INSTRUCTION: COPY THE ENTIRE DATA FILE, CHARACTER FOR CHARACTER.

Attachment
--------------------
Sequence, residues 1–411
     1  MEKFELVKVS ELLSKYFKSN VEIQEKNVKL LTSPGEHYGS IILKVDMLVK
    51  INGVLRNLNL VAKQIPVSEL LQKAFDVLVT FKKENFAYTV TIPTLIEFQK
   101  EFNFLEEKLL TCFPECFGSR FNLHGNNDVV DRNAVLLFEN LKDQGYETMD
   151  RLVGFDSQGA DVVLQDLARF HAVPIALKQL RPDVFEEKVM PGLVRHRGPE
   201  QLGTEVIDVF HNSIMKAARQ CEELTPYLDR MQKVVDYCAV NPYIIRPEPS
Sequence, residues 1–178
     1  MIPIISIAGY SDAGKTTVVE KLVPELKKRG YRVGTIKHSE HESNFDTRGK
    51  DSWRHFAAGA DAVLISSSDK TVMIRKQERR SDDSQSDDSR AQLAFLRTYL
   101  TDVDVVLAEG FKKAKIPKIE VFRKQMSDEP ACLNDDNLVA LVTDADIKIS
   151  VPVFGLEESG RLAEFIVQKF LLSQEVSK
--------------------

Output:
Sequence, residues 1–411
     1  MEKFELVKVS ELLSKYFKSN VEIQEKNVKL LTSPGEHYGS IILKVDMLVK
    51  INGVLRNLNL VAKQIPVSEL LQKAFDVLVT FKKENFAYTV TIPTLIEFQK
   101  EFNFLEEKLL TCFPECFGSR FNLHGNNDVV DRNAVLLFEN LKDQGYETMD
   151  RLVGFDSQGA DVVLQDLARF HAVPIALKQL RPDVFEEKVM PGLVRHRGPE
   201  QLGTEVIDVF HNSIMKAARQ CEELTPYLDR MQKVVDYCAV NPYIIRPEPS
Sequence, residues 1–178
     1  MIPIISIAGY SDAGKTTVVE KLVPELKKRG YRVGTIKHSE HESNFDTRGK
    51  DSWRHFAAGA DAVLISSSDK TVMIRKQERR SDDSQSDDSR AQLAFLRTYL
   101  TDVDVVLAEG FKKAKIPKIE VFRKQMSDEP ACLNDDNLVA LVTDADIKIS
   151  VPVFGLEESG RLAEFIVQKF LLSQEVSK